"So it's too late for Cali. And we're doomed even if we repent."

Now come on, mr. Moneyrunner - just because we've made some mistakes is no reason to give up now! Keep on being an environmentalist!

Besides, hopefully someday we'll be able to get the planet back to the point where the both of us exhaling keeps trees alive. Isn't that worth fighting for?
2.4.2009 11:28pm
RPT (mail):
Who knew there were so many legal scientists on this blog? No information required to just disagree!
2.4.2009 11:32pm
John Burgess (mail) (www):
Clearly, there's a solution for California and its agriculture.

I propose a $1,000 tax on politicians or actors speaking on public issues about which they have more opinion than factual information.

A special levy of 10% of the gross could be levied on films or TV programs purporting apocalypse unless clearly labeled as 'Science Fiction' or 'Horror'.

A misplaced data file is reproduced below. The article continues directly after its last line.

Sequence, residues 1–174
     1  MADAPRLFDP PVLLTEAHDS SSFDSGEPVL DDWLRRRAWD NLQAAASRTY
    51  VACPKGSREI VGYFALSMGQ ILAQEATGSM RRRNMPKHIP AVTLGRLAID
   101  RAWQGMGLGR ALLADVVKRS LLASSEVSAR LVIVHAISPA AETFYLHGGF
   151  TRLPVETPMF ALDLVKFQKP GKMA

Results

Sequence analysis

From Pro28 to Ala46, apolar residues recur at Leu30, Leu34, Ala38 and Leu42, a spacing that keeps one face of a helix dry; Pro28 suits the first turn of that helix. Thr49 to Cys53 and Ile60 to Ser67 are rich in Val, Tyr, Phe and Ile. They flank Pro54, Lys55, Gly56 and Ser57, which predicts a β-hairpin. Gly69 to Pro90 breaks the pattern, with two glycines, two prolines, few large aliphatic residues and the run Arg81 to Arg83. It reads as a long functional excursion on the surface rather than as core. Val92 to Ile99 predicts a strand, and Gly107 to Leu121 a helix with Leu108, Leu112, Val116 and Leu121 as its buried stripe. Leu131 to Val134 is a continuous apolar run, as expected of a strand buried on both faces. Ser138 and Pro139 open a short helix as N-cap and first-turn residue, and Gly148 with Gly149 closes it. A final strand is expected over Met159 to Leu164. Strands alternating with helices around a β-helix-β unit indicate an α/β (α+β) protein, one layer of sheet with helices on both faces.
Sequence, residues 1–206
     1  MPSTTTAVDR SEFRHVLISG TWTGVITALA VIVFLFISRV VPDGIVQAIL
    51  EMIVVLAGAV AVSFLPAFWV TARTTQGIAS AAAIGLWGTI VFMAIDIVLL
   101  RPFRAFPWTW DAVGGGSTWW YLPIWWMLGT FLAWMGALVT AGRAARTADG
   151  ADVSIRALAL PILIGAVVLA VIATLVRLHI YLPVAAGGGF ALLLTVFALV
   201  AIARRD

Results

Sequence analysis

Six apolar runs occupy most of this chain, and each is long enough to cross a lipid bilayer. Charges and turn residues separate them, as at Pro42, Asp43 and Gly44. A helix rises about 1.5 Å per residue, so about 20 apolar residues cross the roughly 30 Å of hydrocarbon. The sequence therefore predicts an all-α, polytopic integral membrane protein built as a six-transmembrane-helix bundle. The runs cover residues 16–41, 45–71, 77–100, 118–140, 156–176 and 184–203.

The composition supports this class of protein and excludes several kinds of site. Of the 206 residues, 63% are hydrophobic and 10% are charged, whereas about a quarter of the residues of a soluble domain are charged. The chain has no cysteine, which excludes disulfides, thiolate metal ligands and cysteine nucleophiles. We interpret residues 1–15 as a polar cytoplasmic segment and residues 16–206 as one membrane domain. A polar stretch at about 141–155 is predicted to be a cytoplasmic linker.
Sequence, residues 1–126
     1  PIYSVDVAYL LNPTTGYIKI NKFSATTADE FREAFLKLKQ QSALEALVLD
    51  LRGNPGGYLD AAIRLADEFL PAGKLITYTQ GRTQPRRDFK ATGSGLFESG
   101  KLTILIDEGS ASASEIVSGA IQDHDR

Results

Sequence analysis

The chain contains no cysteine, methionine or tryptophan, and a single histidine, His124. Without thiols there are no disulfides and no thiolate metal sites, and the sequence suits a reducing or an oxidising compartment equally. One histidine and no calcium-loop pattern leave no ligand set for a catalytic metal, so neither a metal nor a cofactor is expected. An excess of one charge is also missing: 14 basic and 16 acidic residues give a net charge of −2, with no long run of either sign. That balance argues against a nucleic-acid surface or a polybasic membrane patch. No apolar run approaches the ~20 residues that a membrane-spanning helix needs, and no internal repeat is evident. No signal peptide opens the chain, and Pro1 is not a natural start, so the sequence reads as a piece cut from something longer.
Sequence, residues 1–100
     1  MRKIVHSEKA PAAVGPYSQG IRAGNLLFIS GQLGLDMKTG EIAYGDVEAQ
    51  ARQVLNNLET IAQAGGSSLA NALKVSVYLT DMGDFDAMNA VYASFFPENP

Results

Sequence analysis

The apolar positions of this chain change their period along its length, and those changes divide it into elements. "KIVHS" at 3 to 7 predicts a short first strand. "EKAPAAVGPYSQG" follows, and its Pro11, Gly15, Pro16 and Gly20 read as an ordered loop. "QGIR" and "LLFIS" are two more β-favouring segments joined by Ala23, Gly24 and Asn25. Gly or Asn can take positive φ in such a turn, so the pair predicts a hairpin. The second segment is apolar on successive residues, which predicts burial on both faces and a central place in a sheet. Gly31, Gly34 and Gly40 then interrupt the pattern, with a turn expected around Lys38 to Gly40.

A punitive levy of 300% would be made on the income derived from public speaking by the above politicians/actors, with a double-plus ungood levy of 1000% imposed on anything referencing Al Gore's science.

The income from these levies will be used to purchase, operate, and maintain desalination plants up and down the coast, but primarily off shore urban clusters with the highest demand--for efficiency, doncha know.
2.4.2009 11:34pm
LM (mail):
We know he can't be right, so saying it makes him crazy or a liar. Since we know he's either crazy or lying, what he's saying can't be right.
2.4.2009 11:41pm
LM (mail):
Jonathan Adler,

For years we've heard complaints about how the Bush Administration waged a "war on science" by, among other things, distorting or misrepresenting scientific findings in order to support its policy positions. If the LA Times accurately reported on Chu's remarks, it seems like Obama Administration officials are already doing the same thing (and even before John Holdren is confirmed).

Actually, I believe the objections were that non-scientist political appointees suppressed or changed scientific findings, not, as here, that we disagreed with or just didn't like what a scientist had to say.